Saturday, February 2, 2013


My good friend Gigi is running two challenges through her blog, Down the Rabbit Hole: Persephone and the Cheshire Cat, the 2013 Golden Ladies and Golden Gentlemen challenges. The rules are somewhat complicated (and available in her blog) but basically, one cumulates points by seeing movies, series or performances which feature one or more of the actors and actresses in a selected list – this year Colin Firth, Ian Mckellen, Gary Oldman and Michael Gambon for the guys and Emma Thompson, Helena Bonham Carte, Kate Winslet and Helen Mirren for the girls – and then writing a review of the work.

This seemed like a nice idea (especially since there are some amazing talents on that list) and a good way to force me to start writing again, after more than a whole year of silence. Besides, honestly, Collin Firth is irresistible and the rest is just icing on the cake.

My first stop – chosen at random from the list, and mostly because it had a strange title – was called Toast, featuring the amazing Helena Bonham Carter.

Director  .................................... S. J. Clarckson
Oscar Kennedy ......................... Young Nigel Slater
Freddie Highmore ................... Nigel Slater
Victoria Hamilton .................... Mrs. Slater
Ken Stott .................................. Mr. Slater
Helena Bonham Carter ........... Mrs. Potter
Matthew McNulty .................... Josh

When I went looking for the film, I discovered a few other appealing things about it. First, Lee Hall - the same person who gave us Billy Elliot - wrote it based on the memoir of the same name by Nigel Slater, and food plays an important part in the plot (I saw Julie and Julia recently, and it seemed fitting to stay on the same note).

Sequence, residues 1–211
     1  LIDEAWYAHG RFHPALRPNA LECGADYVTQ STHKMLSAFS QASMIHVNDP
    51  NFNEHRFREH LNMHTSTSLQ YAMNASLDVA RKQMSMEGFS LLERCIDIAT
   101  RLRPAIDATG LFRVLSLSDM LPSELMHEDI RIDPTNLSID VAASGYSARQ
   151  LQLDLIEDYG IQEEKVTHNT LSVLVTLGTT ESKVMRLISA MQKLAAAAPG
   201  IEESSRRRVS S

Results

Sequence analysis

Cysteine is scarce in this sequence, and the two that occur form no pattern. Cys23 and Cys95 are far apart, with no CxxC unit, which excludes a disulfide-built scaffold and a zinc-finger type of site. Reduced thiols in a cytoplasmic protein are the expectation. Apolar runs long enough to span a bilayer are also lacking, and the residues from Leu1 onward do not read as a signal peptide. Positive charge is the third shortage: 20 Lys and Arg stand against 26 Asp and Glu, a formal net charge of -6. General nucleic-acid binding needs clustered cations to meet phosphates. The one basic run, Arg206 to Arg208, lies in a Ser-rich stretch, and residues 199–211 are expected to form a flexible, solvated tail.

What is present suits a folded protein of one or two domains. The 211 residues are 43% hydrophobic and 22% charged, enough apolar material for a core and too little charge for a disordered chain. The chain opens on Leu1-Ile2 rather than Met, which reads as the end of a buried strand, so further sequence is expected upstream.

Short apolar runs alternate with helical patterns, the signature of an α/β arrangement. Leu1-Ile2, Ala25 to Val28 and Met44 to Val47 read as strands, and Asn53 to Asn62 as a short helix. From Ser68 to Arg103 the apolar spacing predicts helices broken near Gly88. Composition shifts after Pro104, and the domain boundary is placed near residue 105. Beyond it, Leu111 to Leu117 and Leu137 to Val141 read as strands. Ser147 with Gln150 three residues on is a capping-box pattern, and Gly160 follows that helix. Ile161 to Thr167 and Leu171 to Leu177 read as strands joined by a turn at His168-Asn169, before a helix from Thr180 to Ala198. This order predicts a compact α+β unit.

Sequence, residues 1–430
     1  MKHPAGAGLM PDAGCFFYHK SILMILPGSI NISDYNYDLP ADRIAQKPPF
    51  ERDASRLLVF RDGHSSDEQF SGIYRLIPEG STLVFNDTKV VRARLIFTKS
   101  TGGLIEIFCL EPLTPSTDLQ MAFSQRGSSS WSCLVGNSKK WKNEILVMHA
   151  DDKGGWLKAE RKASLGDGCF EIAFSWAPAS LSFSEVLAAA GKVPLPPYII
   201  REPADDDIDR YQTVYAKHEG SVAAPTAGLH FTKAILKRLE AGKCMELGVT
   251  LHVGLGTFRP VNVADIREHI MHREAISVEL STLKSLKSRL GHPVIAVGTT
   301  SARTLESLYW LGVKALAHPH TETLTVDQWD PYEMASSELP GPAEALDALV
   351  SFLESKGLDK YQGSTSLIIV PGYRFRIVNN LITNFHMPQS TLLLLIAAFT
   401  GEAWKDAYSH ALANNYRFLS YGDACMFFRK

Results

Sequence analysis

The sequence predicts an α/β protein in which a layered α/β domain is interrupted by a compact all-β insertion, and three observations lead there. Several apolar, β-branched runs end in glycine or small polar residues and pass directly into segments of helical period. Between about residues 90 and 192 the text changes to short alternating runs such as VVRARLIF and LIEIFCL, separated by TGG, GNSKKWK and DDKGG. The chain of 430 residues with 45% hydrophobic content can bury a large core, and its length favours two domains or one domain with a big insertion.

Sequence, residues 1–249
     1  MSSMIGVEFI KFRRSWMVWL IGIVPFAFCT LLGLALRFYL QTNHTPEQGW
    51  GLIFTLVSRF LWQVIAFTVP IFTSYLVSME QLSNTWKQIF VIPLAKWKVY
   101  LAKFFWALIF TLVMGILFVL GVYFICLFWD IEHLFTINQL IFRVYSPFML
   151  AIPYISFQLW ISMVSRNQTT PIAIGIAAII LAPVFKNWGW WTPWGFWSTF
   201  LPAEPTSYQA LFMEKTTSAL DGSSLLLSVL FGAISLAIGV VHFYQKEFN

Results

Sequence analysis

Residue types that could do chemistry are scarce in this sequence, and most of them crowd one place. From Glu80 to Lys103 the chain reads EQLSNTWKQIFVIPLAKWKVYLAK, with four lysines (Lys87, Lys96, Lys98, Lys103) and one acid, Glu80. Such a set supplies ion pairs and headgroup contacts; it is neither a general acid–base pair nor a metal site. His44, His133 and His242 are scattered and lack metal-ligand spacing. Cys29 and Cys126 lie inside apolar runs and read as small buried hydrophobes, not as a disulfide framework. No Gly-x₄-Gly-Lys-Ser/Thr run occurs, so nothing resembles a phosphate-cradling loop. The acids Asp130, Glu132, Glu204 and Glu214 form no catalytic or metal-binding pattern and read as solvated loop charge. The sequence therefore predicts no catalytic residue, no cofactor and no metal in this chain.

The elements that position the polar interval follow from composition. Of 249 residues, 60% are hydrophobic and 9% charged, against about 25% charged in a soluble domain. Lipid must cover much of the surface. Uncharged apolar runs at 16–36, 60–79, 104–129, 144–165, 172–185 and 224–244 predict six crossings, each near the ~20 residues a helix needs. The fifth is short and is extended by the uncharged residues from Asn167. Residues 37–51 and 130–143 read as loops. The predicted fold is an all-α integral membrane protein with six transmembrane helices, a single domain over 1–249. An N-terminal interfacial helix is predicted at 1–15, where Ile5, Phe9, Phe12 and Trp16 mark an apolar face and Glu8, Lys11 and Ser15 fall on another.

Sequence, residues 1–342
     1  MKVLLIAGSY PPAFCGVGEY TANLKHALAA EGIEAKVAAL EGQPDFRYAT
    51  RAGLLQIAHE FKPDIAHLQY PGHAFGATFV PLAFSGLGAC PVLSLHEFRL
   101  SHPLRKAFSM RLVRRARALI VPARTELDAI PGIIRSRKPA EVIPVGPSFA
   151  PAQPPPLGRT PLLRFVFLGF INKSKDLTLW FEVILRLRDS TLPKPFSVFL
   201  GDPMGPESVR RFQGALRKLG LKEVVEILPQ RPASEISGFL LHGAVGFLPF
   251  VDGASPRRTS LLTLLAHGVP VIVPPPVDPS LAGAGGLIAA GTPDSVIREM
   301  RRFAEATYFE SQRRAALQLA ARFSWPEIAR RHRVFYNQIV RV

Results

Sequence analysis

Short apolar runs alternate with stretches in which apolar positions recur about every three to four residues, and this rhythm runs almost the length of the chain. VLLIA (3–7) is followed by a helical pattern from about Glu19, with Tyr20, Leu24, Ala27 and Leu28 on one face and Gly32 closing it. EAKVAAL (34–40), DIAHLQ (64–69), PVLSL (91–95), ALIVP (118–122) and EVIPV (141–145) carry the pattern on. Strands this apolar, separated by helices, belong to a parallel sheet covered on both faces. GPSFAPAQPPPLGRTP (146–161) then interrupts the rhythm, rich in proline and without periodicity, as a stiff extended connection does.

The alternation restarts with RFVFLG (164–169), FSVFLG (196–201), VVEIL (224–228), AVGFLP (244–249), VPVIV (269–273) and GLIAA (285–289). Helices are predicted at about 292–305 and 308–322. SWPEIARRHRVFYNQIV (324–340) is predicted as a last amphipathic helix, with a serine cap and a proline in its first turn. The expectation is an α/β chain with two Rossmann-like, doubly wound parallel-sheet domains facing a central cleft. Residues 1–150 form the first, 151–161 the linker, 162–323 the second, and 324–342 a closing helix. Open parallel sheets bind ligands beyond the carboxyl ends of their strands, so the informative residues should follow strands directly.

Thus motivated, I went ahead and whiled away a few hours of a Saturday afternoon in front of my computer, and came away not exactly blown away, but by no means feeling as if it was a waste of time.

Indeed, the film has some of the same characteristic that made Billy Elliot such an amazing work: it is satirical and funny without demeaning the characters; it has drama and psychological depth without taking itself too seriously; it has conflict and an engaging plot, but doesn’t leave us reeling afterwards.

So far, so good, right? There is one major difference, however, and it is not in Toast’s favour: the main character in Billy Elliot is great – he is strong, and sensitive, and talented and despite all the hardships, he still loves and is loved by his family. Nigel Slater, in Toast, comes across as an annoying, spoilt, self-centred little twerp, who is incapable of taking other people’s feelings into consideration before doing anything. Very different levels of empathy towards the main character there, which have an impact on how touched the viewer is by the film.

All in all, Toast is a nice, light-hearted movie, with some very good acting (the boy who plays Nigel in the first part is particularly good, and Helena Bonham Carter is, as always, flawless even in the role of a very unsavoury character).

My point tally: 1 actress + 1 film = 2 points in the Golden Ladies Challenge.

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